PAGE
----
Ronald described other, more nuanced aspects of the Systemic Consensus process. With a trained facilitator, which he is, a group can analyze the final numbers of resistance points to see how much acceptance a proposal actually has. The group can distinguish between proposals that win because they have many adherents with low resistance points (high acceptance) as compared those that win because a few people have "0" resistance (high acceptance) but most group members have medium to high resistance points (low acceptance). In these cases the group might want to choose differently.
Ronald also said that in his experience there seems to be a higher level of satisfaction with decisions made using Systemic Consensus. "The outcome seems to be what the group really wants," he added.
I like Systemic Consensus — it’s fast, visual, and hard to argue with!
(Future columns will describe other decision-making methods used by ecovillages and other intentional communities.)
This article also appears in Diana’s online newsletter, Ecovillages, and in Communities magazine in the US. Portions of this article will also appear in her upcoming book on communication, process, and decision-making in groups.
Free/Donation-based hour-long Webinar on Systemic Consensus in English — January 27, 2012, hosted by Ronald Wytek of Schönwasser Ecovillage. See Ronald’s website for details.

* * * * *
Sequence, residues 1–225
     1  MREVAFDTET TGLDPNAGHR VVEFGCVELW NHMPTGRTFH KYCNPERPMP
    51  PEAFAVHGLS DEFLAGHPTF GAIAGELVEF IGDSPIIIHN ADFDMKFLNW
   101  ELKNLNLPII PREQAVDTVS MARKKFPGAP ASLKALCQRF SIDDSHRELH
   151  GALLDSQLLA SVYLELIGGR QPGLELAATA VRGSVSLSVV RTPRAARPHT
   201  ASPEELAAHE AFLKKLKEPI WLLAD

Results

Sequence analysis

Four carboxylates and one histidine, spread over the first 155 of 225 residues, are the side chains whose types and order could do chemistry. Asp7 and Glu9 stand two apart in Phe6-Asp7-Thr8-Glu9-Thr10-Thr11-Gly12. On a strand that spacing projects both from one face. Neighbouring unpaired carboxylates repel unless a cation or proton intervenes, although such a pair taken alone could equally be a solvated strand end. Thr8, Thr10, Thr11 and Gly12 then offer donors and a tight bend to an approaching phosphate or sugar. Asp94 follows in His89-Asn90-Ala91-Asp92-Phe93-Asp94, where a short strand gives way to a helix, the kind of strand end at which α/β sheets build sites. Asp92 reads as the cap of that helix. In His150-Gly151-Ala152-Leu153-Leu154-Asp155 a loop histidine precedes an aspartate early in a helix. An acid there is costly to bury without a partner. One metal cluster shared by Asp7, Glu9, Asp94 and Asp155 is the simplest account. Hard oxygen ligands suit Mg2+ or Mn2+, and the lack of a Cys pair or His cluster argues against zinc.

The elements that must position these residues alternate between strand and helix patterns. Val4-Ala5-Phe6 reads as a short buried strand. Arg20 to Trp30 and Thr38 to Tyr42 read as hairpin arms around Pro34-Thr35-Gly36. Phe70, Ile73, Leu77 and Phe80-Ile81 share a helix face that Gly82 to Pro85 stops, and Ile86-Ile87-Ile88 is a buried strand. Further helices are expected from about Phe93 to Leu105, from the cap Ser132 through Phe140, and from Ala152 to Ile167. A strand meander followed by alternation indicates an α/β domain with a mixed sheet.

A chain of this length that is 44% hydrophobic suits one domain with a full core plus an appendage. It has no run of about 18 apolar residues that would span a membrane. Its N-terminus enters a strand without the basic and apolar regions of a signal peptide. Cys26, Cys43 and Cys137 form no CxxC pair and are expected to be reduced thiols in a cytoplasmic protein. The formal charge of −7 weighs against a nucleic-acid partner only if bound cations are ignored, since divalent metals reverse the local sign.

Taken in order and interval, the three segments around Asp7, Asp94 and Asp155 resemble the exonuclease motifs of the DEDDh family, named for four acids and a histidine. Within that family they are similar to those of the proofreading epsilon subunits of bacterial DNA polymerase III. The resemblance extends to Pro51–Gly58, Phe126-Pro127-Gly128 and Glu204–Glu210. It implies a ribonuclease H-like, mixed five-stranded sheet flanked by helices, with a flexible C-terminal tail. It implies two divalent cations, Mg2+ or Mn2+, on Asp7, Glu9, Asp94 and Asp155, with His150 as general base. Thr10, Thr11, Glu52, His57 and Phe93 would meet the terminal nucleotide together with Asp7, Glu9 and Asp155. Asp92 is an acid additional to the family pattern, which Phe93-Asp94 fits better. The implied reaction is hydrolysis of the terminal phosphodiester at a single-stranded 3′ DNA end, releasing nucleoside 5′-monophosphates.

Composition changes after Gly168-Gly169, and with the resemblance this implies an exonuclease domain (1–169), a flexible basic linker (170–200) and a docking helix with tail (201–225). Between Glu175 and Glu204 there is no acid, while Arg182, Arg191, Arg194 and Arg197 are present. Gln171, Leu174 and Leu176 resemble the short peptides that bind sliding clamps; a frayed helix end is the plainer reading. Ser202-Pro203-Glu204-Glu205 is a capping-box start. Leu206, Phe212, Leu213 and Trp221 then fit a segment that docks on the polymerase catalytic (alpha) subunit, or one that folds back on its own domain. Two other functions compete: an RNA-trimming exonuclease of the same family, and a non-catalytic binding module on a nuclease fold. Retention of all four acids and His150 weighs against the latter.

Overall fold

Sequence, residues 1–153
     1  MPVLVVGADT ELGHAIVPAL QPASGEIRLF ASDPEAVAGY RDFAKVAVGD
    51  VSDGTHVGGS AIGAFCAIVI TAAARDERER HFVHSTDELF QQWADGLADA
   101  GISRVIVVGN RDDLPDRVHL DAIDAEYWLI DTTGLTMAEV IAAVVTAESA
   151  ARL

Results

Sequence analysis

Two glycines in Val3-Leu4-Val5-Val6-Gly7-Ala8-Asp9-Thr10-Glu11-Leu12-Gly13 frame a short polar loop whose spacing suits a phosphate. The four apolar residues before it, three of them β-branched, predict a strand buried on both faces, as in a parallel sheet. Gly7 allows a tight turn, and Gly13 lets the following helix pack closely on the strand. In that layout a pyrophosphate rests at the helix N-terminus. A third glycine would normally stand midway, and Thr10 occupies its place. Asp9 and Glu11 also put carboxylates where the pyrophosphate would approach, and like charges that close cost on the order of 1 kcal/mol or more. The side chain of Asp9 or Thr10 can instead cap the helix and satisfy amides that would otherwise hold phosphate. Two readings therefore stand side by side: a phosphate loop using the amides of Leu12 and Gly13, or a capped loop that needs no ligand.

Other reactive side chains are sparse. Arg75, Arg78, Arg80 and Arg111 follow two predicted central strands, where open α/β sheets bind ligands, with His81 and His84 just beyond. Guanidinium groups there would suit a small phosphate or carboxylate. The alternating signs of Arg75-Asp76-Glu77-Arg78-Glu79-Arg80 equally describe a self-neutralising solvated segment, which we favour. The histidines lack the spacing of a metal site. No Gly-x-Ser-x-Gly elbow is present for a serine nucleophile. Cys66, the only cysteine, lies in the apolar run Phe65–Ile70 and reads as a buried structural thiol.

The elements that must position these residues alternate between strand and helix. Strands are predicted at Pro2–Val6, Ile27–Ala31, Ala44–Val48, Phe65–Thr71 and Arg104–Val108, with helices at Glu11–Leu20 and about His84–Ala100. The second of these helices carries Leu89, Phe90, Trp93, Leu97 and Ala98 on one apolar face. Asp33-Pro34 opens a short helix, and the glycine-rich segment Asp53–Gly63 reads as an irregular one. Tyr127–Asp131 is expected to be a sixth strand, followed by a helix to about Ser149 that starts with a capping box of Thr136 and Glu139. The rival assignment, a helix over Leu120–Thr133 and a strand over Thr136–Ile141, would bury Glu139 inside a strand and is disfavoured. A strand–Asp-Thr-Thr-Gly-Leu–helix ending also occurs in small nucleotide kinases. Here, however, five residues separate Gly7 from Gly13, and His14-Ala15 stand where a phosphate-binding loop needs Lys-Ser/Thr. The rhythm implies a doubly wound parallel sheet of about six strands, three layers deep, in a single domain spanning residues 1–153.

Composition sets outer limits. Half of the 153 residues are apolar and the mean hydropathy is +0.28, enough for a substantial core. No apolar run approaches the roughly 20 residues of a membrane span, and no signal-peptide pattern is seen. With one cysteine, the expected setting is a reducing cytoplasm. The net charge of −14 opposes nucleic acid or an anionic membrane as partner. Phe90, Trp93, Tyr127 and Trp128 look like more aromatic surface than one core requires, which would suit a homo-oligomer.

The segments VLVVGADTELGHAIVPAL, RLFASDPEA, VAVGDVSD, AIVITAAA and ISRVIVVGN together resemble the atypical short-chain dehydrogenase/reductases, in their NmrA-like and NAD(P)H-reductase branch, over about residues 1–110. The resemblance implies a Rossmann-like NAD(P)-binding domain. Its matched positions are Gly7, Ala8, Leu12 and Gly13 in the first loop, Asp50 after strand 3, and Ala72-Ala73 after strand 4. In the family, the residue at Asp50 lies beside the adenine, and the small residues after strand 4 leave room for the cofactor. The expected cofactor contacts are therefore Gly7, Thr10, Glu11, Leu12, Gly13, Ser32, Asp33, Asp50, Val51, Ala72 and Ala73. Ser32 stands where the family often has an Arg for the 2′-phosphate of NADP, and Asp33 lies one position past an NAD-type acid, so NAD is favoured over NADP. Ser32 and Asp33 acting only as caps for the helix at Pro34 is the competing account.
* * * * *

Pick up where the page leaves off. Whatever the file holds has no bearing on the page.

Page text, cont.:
More Resources for Systemic Consensus:
All the resources I’ve seen so far for Systemic Consensus are in German. The website http://www.translate.Google.com can translate website copy into your language well enough to get the gist.
The book Systemic Consensus: The Key to Success (Systemisches KONSENSIEREN: Der Schlüssel zum gemeinsamen Erfolg) by Georg Paulus, Siegfried Schrotta, and Erich Visotschnig was recently published in German by DANKE-Verlag and is available on the German Amazon.de
Diana Leafe Christian is author of Creating a Life Together: Practical Tools To grow Ecovillages and Intentional Communities and Finding Community: How to Join an Ecovillage or Intentional Community (New Society Publishers, 2003 and 2007, respectively), and editor/publisher of the free online Ecovillages newsletter. A member of Earthaven Ecovillage in North Carolina, US, Diana teaches workshops and speaks at conferences internationally.
Meeting Resources for Ecovillagers:
* Bea Briggs’ IIFAC organization and Bonfire newsletter
* Tree Bressen’s website — free downloadable handouts on consensus and facilitation
* Tree Bressen’s "Pattern Language of Group Conversation" project
* Fellowship for Intentional Community (FIC)
* Laird Schaub’s blog, "On Community and Consensus"
* C.T. Butler’s free, downloadable book, On Conflict and Consensus
* We The People, by John Buck and Sharon Villines, about Sociocracy. Available from John Buck’s website.
* Sociocracy news website
4. SYSTEMIC CONSENSUS (PDF)